It occurs to me as I try to write these posts that all I am ever going to do is praise people. To the reader that may limit the interest, I suppose dishing dirt is a more interesting read. But I simply can't help but praise every member of our cast and crew. The schedule has been jam packed, mostly 12 hour days,and the commitment to the cause has been outstanding. Everyone has been so willing to throw themselves into the low budget horror film experience, and the footage we're getting is exceeding our expectations. I should highlight Vicki Rodway's work in particular. When a film is released the actors, directors, writers, FX Artists etc get mentioned but no one really talks about the 1st Assistant Director. But Vicki is the best 1st AD we could have possibly wished for. The energy and enthusiasm of Vicki, James Plumb the director and the DoP James Morrissey is the collective heart beat of this project.

Day 3 was pretty grueling due to us shooting so much practical FX. I understand to some extent why people opt for CGI because it saves time, but I feel the extra time and hard work that has gone into the practical FX
will ultimately be worth it because it looks so much more realistic on film. The Make Up team led by Rachael Southcott and Laura Clarke have truly excelled themselves. Watching the dailies it occurred to me that this is going to be quite a gory film! Filming someone having their intestines ripped out by zombies and then breaking for food was a nice twisted delight to end the day on!

Now into Day 4...

Sunday, 25 September 2011

Principal Photography: Day 1

The first day of shooting is always a tough one. A new team finding their feet and in our case a new team actually trying to find the location! We have a wonderful main location for the film but it's so isolated that even the locals don't seem to know where it is! The Sat Navs don't recognize the place, and not one of us can get a signal on our phones! Shooting the movie feels like being the characters in the movie, because we really are in the middle of nowhere. Thankfully they have Wi Fi here so we are not totally cut off!

Once everyone found the place and settled in our first day turned into a great success, albeit a very long one at 12 hours.

Our first day involved scenes with Sule Rimi who plays 'Ben'. He had a very physically challenging day and he was absolutely fantastic. Sule was so game to take on big challenges and so willing to go anywhere James Plumb wanted to take him. Not only is his performance spot on but he is a wonderful character to have around set.

Having seen the Make Up tests I knew that FX Artist Rachael Southcott's zombie designs were impressive but seeing them in all their glory on location was a highlight of the first day. You know you've got gruesome looking zombies when a crew of hardened horror movie fans recoil when they see the actors in full Make Up. Our first two zombies of the shoot were Sabrina Dickens and Adam Phillips and I'm so grateful for their patience and enthusiasm throughout the day. The scene they were involved in will be a great "jump" moment in the film.

It was great to see the important relationships between our key cast members gel so instantly. We only had the chance for very minimal rehearsal before shooting so it's a great relief to see them bond on screen and get their characters nailed so quickly.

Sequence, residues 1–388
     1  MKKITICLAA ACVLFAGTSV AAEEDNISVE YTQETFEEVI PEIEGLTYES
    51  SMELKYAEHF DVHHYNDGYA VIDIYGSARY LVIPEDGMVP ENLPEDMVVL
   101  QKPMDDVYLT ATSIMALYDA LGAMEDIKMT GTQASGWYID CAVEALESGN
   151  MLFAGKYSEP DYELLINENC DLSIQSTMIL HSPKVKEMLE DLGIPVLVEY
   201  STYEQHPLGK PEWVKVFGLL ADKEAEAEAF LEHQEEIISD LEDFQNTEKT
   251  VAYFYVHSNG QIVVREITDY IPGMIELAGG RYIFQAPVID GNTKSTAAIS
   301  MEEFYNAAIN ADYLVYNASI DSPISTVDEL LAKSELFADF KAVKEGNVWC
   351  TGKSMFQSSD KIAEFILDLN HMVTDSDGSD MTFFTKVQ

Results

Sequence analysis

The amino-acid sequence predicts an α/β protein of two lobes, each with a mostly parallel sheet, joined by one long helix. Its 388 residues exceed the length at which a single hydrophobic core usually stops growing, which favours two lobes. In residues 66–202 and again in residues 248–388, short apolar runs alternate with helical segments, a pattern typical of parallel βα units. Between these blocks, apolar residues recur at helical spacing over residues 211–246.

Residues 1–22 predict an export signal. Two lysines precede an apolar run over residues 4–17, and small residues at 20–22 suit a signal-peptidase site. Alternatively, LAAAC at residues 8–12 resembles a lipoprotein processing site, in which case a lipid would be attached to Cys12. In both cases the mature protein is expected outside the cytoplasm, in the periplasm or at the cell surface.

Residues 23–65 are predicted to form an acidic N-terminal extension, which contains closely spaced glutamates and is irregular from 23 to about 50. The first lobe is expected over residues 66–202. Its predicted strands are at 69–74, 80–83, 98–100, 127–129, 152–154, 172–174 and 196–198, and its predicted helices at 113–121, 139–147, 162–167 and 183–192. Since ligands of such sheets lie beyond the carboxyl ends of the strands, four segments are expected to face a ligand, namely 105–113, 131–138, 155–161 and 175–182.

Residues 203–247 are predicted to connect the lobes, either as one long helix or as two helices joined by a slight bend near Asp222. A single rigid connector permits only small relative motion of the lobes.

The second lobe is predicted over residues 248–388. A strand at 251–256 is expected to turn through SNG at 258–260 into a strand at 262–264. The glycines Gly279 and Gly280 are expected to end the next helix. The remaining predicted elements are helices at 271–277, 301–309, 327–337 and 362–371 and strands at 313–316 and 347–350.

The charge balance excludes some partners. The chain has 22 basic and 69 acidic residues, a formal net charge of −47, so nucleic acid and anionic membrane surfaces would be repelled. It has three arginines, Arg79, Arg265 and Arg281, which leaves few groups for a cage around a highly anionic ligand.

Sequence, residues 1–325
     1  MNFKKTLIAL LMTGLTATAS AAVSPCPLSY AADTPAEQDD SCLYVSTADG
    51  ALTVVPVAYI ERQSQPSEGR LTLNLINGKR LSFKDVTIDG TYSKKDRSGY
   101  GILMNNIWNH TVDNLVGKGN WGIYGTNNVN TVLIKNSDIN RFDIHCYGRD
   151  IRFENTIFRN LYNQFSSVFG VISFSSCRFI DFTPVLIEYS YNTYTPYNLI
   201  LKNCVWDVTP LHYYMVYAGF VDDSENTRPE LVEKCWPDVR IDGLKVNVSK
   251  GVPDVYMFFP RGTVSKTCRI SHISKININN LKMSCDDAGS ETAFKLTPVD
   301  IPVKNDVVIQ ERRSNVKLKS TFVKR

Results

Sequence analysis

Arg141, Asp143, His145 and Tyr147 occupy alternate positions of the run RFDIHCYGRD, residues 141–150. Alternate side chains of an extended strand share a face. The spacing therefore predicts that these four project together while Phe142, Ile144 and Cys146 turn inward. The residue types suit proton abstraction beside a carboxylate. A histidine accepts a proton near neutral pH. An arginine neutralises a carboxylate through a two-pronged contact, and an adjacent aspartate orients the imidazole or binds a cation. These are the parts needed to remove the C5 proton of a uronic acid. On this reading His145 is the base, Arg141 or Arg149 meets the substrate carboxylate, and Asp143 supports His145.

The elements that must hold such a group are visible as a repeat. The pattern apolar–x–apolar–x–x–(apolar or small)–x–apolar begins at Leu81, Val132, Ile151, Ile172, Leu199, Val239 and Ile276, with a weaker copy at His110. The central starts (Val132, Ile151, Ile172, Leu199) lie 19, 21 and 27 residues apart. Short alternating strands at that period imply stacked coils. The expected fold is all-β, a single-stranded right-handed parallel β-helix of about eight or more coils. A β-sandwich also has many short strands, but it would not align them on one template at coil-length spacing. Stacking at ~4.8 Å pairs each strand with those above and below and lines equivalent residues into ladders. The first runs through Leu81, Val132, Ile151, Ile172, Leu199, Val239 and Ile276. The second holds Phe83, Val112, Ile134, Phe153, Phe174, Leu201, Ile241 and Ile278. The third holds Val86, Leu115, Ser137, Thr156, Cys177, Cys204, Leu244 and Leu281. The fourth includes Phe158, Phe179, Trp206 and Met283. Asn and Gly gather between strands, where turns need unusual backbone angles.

Our director James Plumb's vision is so clear and it's great to see him in full flow. The strong working relationship he has with our wonderful DoP James Morrissey is producing fantastic footage. It was great to see the dailies and know that every penny of our budget is getting up there on the screen.

All in all, a very satisfying start to our Zombie adventure!

Andrew Jones

Monday, 19 September 2011

The Origin of a Project - The Producer's Perspective

The creative origin of 'Night of the Living Dead: Resurrection' was the first 10 pages of a zombie script I later abandoned. As a lifelong horror fan I've long admired the Romero zombie films and other great genre offerings like 'Return of the Living Dead', so I've always wanted to write a zombie flick. I came up with an idea that had legs but after the first 10 pages I just didn't have the passion to finish it. But the first 10 pages definitely had something worth exploring further.
I've spent the last couple of years associate producing on other people's projects, gaining experience of pursuing finance and also taking on writing commissions. I've missed the buzz of being on location shooting a movie. Having been trying to raise money for bigger budget productions with an international flavour I felt I was moving away from my production company's original intention, which was to produce films in Wales with new and fresh talent. So I made it my priority to get something low budget off the ground, set in Wales utilizing the local talent. It was important to keep the budget to a level where investors were not going to insist upon "name" actors to sell the film, something that is a requirement over a certain budget level. Given the internationally renowned brand name of 'Night of the Living Dead', and it's public domain status, a zombie film using this title would allow me to raise a modest budget quickly and be able to use new talent because the title sells itself. 

So moving forward with this idea I knew I wanted to work with a new young director and give them the same opportunity I had years previously directing a financed feature. I had previously met James Plumb a couple of years earlier and we'd discussed collaborating on other projects. Those collaborations never came to fruition but when it came to this project I didn't even consider any other directors. James has a tremendous ability to get the best out of very limited resources and his innovation and enthusiasm always inspires those he works with. His short films have been progressively more ambitious and he was clearly ready to make his feature film debut.